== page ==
“It’s like being in the Army again,” Quiros says. The 12-year veteran of the wars in Iraq and Afghanistan is now a captain with the Vermont National Guard. He relishes intensity in the field, clarity of mission, camaraderie, and he applies his military leadership experience to Q Burke Mountain operations.
“You take care of them,” Quiros says about both his military units and staff. “They watch your back, and you move forward.”
The responsibility to provide for and protect his staff weighs heavily on Quiros, perhaps even propels him.
And his military analogy for mountain operations is echoed by his father, Ariel Quiros, who purchased Burke Mountain in 2012.
Ariel Quiros says half a dozen buyers before him couldn’t close the deal because of the mountain’s high-profile history and reputation with banks and investors: Bankruptcies dating back to the 1980s. A bounced tax check to the town for $97,374.30. More bankruptcies. A public auction. Ginn Companies’ $675 million default with Credit Suisse bank.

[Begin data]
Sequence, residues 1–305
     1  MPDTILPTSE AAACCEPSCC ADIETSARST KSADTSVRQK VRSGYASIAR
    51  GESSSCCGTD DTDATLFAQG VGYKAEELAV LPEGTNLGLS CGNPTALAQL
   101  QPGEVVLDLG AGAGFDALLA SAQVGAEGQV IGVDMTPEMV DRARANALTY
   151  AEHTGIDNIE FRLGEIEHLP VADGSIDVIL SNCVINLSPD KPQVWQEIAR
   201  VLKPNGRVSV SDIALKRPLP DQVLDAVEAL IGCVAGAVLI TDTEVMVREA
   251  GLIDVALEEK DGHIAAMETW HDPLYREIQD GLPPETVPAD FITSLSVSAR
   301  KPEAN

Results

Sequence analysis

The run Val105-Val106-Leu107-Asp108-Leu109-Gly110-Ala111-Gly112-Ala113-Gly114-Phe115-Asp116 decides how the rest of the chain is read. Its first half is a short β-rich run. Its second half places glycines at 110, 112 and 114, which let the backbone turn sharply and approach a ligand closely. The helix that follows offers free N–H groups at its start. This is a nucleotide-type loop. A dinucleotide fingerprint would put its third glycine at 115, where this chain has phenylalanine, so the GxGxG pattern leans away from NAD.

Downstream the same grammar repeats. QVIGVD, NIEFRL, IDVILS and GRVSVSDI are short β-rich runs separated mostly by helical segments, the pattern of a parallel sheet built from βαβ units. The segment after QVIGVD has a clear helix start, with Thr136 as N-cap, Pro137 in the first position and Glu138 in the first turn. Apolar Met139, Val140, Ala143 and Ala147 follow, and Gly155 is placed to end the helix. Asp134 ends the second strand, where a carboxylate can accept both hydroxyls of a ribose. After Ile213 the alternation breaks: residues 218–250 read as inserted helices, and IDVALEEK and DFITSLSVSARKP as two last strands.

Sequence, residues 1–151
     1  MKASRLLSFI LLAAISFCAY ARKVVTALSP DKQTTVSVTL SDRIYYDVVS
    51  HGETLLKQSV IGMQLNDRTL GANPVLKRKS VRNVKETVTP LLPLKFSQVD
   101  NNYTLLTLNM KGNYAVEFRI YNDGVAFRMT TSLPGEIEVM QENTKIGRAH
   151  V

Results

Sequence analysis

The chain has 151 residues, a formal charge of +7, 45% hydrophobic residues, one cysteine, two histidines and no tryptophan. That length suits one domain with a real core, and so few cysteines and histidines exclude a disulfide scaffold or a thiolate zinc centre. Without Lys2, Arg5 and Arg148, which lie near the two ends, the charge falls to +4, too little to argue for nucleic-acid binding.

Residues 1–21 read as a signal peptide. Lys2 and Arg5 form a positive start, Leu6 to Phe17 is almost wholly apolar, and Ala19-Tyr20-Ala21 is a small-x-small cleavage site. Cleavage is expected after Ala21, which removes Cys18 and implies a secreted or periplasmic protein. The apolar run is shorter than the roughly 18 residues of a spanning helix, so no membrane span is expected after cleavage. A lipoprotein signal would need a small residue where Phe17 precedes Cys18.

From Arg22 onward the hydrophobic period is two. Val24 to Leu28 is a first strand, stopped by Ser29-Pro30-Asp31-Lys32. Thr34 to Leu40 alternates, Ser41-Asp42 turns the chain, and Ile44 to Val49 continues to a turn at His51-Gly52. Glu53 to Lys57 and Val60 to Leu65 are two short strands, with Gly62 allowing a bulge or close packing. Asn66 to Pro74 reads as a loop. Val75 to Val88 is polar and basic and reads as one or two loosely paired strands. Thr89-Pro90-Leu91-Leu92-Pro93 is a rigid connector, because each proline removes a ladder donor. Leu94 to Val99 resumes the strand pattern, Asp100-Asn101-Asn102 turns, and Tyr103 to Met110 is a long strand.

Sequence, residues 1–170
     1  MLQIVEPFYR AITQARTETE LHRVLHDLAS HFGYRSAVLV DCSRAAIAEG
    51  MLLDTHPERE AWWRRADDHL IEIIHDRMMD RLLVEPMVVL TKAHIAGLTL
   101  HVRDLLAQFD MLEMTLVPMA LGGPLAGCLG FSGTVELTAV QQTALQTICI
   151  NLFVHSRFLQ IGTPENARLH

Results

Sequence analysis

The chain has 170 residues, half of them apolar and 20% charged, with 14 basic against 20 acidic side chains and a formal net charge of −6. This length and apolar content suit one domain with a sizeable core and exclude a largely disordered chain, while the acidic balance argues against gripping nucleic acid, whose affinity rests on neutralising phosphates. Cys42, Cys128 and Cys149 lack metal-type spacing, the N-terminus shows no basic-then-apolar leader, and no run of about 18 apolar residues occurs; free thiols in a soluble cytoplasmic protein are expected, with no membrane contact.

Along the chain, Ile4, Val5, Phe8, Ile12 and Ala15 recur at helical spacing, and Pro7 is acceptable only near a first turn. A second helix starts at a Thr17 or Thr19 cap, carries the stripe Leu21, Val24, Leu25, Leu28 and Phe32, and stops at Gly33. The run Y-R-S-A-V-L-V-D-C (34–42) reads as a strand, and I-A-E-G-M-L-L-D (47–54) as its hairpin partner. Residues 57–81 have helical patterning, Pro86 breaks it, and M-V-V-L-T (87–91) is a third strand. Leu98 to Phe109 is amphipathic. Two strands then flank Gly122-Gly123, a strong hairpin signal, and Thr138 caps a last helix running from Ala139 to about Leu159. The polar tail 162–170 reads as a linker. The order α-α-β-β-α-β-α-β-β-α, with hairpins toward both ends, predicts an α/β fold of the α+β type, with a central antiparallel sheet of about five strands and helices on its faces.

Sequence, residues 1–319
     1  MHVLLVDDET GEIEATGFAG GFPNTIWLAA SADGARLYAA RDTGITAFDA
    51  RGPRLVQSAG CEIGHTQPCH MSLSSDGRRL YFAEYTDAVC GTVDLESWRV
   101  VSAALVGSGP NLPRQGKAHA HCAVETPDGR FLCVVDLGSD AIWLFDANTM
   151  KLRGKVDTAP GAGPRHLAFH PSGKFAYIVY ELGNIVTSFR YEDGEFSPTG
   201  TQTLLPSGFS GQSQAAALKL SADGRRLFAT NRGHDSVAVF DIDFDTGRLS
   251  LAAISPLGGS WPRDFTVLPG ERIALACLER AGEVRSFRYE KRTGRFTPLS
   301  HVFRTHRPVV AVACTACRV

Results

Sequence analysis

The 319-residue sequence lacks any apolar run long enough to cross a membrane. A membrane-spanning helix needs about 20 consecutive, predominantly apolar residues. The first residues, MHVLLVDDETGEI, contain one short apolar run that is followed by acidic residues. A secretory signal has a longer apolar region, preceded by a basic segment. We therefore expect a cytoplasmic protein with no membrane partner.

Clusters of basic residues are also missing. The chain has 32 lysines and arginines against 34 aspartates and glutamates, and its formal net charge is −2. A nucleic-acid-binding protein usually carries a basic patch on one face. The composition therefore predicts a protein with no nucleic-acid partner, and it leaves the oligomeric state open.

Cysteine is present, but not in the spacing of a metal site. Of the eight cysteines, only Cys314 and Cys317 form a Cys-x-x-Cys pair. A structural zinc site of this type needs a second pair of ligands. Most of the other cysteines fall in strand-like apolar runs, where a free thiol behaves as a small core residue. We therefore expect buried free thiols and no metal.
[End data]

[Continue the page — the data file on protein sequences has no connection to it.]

“Boom boom boom, bombs away,” Quiros says. “Everybody’s shelling the mountain, all the banks, doesn’t wanna fund it. All the businessmen failed.”
Some of them, Quiros notes, possessed or managed wealth that far exceeds his own, built from international trade since the 1980s. Bernd Schaefers was a German movie producer who made “The NeverEnding Story” and “In the Name of the Rose.” Donald Graham founded investment firms that collectively manage upwards of $7 billion. Developer Bobby Ginn presided over real estate transactions across the country that also measure in the billions.